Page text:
As trailers go, the clip promoting the comedy King of Thieves is suitably packed with gags about an aging gang of ‚Äúdiamond wheezers‚ÄĚ who pulled off Britain‚Äôs most audacious jewellery heist.
To a jaunty soundtrack, Sir Michael Caine, Jim Broadbent, Tom Courtenay and Ray Winstone crack jokes in thick Cockney accents about replacement hips and failing hearing as their characters, in their 60‚Äôs and 70‚Äôs, ‚Äėplan‚Äô and ‚Äėexecute‚Äô the 2015 Hatton Garden raid.
With a star-studded cast to play the gang that had a combined age of 448, James Marsh, the director, brags how his film, the third to be made on the London robbery, has ‚Äúembraced the comedy‚ÄĚ of the ¬£14 million robbery.
But last night, victims from the City‚Äôs diamond district expressed anger that the Ealing-style comedy caper was ‚Äúglorifying‚ÄĚ a crime that left many in financial ruin.
Six elderly thieves were jailed in 2016 for the raid which saw 73 safety deposit boxes ransacked after a diamond tipped drill was used to cut a hole in the underground vault wall at the Hatton Garden Safety Deposit Company.
They escaped with gold, diamonds, sapphires and vast amounts of cash.
Just over ¬£4 million worth of the haul has been recovered, and a series of confiscation hearings held to try to force the convicts to pay back those who lost millions of pounds.
David Joffe, treasurer of the London Diamond Bourse, a gems trading floor which also represents the capital‚Äôs jewellers and jewellery shops, said the heist‚Äôs victims, some of whom were gem dealers, were livid yet another film had been made about it.
‚ÄúI don‚Äôt think there are any gentleman robbers and I certainly wouldn‚Äôt call any robbers heroes,‚ÄĚ Mr Joffe said. ‚ÄúUnfortunately these films glorify such things. I wouldn‚Äôt want them made in the first place – it gives robbers credence. The victims are very annoyed about it.
‚ÄúSome of the stuff stolen wasn‚Äôt insured and there have been serious problems getting the money back. A lot of people have been left badly out of pocket and serious amounts of stolen property is still missing.‚ÄĚ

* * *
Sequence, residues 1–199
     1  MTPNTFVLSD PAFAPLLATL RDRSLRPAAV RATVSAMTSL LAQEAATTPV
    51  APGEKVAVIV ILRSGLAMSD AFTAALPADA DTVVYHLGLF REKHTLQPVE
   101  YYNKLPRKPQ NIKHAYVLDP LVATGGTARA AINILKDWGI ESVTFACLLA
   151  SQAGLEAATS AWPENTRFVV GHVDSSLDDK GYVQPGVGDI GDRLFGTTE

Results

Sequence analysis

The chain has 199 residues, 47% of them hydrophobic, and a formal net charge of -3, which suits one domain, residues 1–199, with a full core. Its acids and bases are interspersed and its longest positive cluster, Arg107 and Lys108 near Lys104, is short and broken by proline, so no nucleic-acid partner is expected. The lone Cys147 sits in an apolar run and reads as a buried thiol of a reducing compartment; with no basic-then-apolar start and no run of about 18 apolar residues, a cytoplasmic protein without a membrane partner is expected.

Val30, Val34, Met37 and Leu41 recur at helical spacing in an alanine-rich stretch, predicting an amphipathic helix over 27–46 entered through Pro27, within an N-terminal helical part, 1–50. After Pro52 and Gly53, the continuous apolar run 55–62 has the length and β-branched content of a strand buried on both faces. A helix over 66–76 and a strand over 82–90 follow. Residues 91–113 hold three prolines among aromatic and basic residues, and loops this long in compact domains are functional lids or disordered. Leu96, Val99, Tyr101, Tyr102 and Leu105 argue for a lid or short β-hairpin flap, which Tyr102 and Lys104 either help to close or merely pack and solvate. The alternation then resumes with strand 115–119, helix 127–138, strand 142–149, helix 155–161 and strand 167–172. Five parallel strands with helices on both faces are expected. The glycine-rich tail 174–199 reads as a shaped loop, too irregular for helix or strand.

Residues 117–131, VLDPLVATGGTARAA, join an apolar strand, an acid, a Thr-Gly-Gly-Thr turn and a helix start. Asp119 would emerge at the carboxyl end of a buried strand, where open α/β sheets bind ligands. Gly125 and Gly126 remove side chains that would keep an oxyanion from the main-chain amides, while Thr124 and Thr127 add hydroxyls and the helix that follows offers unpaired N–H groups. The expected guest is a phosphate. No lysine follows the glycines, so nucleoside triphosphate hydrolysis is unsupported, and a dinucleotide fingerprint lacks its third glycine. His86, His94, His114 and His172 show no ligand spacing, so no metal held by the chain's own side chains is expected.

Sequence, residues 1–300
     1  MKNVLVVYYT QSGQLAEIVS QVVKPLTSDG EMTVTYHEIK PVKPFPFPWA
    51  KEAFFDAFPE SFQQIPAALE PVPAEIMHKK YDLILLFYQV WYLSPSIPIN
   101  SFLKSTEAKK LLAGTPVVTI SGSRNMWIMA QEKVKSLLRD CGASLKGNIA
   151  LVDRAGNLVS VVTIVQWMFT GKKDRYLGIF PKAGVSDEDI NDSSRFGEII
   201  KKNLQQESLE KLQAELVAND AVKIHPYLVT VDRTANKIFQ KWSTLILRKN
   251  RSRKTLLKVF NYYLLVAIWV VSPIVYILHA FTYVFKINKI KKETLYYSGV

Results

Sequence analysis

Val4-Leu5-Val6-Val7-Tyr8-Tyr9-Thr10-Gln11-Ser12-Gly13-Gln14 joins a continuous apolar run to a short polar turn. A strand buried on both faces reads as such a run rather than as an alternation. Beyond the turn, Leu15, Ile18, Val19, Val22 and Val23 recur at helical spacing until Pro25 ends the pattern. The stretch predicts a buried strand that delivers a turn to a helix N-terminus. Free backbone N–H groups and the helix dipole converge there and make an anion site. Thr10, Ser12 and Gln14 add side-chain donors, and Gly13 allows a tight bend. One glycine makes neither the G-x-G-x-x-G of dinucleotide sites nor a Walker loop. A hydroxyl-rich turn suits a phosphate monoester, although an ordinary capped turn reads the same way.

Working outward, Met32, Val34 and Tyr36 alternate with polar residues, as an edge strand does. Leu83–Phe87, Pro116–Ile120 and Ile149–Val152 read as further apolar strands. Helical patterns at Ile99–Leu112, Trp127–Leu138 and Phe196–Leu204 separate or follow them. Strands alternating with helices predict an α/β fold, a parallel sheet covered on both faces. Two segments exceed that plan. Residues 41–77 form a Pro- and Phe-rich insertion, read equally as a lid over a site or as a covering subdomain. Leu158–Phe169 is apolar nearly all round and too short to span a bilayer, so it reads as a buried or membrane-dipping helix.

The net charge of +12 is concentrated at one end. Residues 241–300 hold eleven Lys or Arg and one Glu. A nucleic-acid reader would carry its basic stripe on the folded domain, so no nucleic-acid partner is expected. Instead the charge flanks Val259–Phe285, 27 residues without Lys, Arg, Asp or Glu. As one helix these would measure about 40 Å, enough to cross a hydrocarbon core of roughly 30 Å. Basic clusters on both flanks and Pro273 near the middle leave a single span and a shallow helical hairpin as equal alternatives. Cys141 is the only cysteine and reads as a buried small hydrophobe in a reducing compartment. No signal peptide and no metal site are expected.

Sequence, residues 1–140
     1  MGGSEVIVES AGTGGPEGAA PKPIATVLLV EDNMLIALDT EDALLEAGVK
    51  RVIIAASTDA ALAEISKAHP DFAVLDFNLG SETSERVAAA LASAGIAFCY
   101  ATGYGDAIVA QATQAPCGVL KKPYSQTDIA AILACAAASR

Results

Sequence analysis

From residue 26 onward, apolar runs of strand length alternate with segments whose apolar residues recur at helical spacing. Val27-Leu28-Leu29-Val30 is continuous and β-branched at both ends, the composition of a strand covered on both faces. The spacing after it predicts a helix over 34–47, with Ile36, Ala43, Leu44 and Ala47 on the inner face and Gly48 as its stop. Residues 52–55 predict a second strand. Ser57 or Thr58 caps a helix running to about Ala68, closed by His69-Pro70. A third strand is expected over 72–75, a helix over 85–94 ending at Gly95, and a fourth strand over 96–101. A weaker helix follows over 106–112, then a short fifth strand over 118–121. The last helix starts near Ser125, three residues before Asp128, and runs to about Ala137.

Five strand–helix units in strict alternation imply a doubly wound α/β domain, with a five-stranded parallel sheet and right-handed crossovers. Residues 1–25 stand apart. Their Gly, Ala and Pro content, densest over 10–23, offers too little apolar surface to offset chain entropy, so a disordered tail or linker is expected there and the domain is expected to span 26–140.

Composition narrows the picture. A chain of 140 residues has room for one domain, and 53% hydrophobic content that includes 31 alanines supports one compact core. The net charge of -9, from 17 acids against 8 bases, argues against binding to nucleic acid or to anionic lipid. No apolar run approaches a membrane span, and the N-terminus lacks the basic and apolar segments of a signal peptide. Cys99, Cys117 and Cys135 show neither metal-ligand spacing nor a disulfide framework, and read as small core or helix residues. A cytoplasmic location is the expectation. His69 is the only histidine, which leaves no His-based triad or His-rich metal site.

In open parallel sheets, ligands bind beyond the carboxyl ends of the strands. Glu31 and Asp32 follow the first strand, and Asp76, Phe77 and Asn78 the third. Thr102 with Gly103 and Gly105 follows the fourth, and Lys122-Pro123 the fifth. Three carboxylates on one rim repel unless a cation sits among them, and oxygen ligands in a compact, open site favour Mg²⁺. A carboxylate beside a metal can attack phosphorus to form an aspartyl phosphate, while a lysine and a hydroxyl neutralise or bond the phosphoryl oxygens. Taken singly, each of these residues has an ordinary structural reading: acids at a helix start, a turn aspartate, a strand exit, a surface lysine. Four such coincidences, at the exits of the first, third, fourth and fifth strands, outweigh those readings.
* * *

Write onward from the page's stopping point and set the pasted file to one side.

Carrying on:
He added that making a comedy out of such an appalling crime was particularly hurtful.
‚ÄúTo make a comedy about it is even worse. I don‚Äôt think it‚Äôs funny at all. People lost their livelihoods and went out of business.‚ÄĚ
Ricky Marchant, a chartered loss adjuster who represented 10 of those who were robbed but were lucky enough to be insured, said: ‚ÄúMy recollection is the deep upset of those who were uninsured who lost everything. I do wonder what view they take of a film portraying these guys as likeable heroes.‚ÄĚ
The film, produced by Working Title for Studiocanal and to be released next week, is expected to be a box office hit with a stellar cast. Sir Michael, 85, stars as Brian Reader, 77, who was jailed for six years and three months in 2016 for his part in the raid. Meanwhile, Mr Courtenay plays John ‚ÄúKenny‚ÄĚ Collins, 75, ¬†Broadbent as Terry Perkins, 67, and Ray Winstone as Daniel Jones, 61, who were each jailed for seven years for their part in the raid. Perkins died in prison earlier this year aged 69.
Last year, saw the release of The Hatton Garden Job, described by The Telegraph as a ‚ÄúGuy Ritchie pastiche‚ÄĚ. A year earlier Hatton Garden: The Heist was released. Three separate books have been also written about the raid.
A spokeswoman for the film company refused to comment.